Disney’s characterization of men and women, especially in the early stages of the Disney Princess films, was shaped by societal gender norms and roles. When Disney princess movies were first released in the 1930s, the predominant cultural understanding of women was inextricably linked to their roles as housewives. In order to garner an audience and customer-base, Disney leveraged these notions and effectively portrayed them through their characters in Disney princess movies when the first princess movie, Snow White and the Seven Dwarfs, was released in 1937. Additionally, during the time of early movie production, almost all of the Walt Disney Company staff was male. The male employees created films that not only reflected the dominant perceptions of gender, but also were inherently biased as men at the time were deemed more capable than, and therefore superior to, women. Without men in the films, the women would often not have a purpose; the male characters, most often princes, are depicted as stable, and as important for the female characters to look to for support. This reflects the societal conventions of males as strong, adept figures, and females as demure and weak.
Disney Over Time
The representation of manliness in Disney princess movies has remained relatively constant throughout the decades, with little push from society to alter the stereotypical male depiction due to the predominance of the female discourse around gender roles. The princes are typically strong and confident, which at times, can come across as arrogance. Gaston from Beauty and the Beast is one of the most illustrious princes regarding these attributes. Gaston, in an effort to epitomize what he believes is a true man, has a huge ego, is tough, and expects Belle to fall for him. When Belle fails to do so, he gets very angry and irritable. Gaston is also white, attractive and buff, which sets an unrealistic standard for the physical attributes of an ideal man. Gaston is a figure to whom young boys and girls are exposed through Beauty and the Beast, and he serves as an example to boys to fight for what they want — such as money, power and women.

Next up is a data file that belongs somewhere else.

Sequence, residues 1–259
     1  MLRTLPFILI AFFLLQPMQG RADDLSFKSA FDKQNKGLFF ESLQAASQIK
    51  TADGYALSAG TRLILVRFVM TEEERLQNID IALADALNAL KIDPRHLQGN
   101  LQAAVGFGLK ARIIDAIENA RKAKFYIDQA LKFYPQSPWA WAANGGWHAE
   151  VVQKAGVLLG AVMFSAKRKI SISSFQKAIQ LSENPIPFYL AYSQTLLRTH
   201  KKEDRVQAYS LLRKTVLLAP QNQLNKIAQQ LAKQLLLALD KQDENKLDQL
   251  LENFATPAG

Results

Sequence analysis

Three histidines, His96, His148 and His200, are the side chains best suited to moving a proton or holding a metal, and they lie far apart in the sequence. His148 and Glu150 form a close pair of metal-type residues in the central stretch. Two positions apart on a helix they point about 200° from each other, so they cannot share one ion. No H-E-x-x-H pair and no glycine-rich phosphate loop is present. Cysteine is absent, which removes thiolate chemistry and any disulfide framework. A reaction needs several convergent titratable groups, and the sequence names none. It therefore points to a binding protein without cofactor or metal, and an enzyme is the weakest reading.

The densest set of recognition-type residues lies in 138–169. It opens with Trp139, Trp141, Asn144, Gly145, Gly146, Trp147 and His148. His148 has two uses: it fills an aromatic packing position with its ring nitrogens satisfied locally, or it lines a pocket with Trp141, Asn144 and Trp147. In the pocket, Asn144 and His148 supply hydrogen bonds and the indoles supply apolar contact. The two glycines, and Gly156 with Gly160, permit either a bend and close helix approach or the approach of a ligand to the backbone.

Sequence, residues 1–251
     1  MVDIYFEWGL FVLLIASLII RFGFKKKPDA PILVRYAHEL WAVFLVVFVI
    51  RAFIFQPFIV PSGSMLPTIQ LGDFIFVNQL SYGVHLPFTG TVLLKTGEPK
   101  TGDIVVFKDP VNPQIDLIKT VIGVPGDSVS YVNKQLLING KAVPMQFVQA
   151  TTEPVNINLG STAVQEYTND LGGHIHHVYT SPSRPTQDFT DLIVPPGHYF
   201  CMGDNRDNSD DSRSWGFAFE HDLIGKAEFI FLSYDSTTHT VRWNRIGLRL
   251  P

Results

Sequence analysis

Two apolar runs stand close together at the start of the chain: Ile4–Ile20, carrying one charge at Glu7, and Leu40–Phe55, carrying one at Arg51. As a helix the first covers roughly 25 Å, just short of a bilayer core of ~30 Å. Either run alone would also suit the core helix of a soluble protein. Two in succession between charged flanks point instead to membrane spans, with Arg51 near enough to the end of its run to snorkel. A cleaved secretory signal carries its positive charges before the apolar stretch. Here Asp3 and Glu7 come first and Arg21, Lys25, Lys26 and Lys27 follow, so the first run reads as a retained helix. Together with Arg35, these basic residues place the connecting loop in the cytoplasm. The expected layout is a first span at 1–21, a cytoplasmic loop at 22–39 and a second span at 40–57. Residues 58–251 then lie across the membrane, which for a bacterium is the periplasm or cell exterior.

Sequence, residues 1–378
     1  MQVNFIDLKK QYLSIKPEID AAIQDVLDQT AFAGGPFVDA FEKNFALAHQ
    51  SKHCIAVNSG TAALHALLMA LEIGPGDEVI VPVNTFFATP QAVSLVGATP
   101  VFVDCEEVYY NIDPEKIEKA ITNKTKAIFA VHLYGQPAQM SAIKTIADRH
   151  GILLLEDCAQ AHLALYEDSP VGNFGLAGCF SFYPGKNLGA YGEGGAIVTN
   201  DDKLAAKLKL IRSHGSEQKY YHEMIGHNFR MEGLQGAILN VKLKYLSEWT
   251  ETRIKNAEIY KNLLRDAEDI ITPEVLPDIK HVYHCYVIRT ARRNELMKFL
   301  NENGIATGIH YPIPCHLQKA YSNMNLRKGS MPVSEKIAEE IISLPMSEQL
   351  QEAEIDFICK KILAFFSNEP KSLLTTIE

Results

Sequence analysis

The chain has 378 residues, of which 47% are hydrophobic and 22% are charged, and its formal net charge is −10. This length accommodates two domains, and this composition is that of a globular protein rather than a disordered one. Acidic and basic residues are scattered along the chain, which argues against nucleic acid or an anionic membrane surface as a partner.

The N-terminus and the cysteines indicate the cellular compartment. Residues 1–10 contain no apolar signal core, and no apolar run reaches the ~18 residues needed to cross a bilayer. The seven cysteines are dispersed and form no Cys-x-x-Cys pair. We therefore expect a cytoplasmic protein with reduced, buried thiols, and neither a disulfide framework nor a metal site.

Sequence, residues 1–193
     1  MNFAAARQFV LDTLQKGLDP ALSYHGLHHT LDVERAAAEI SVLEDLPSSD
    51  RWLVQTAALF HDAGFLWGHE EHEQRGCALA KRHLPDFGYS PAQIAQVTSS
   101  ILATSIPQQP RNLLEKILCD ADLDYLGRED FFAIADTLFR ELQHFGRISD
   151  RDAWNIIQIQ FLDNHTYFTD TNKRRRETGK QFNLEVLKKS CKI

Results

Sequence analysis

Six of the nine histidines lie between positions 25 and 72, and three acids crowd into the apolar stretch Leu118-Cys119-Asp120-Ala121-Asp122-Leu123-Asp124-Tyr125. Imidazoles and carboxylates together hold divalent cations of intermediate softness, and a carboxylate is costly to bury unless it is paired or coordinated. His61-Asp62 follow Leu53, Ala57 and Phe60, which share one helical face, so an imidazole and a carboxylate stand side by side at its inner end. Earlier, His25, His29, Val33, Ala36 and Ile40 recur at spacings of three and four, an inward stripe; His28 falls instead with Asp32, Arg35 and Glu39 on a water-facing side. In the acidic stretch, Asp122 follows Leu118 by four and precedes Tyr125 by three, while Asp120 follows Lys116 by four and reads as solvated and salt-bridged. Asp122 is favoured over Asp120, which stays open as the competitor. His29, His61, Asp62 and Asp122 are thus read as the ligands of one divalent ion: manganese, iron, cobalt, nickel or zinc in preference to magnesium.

In a study centered on Disney princess movies, masculine and feminine characteristics of princes and princesses were assessed for a myriad of Disney princess movies. The study concluded that in the 1930s-50s, the movies portrayed more gendered attributes for both the princesses and the princes, as the characters employed more traditional gender roles when compared to the five films produced in and after the 1980s. The princes in the earlier films demonstrated gendered characteristics or were primarily absent from the film. For example, in Snow White, the prince was rarely shown, and it was not clear why the princess fell in love. Snow White seemed to have been chosen by the Prince and as a result, fell in love after he kissed her, freeing her from her morbid slumber. Furthermore, in Cinderella, the prince helps to shape the storyline, but plays a small role on screen overall. The traditional characterization of the prince does not allow for the demonstration of feminine behavior, such as looking after appearance, loss of power and hopelessness, i.e., crying and being ashamed.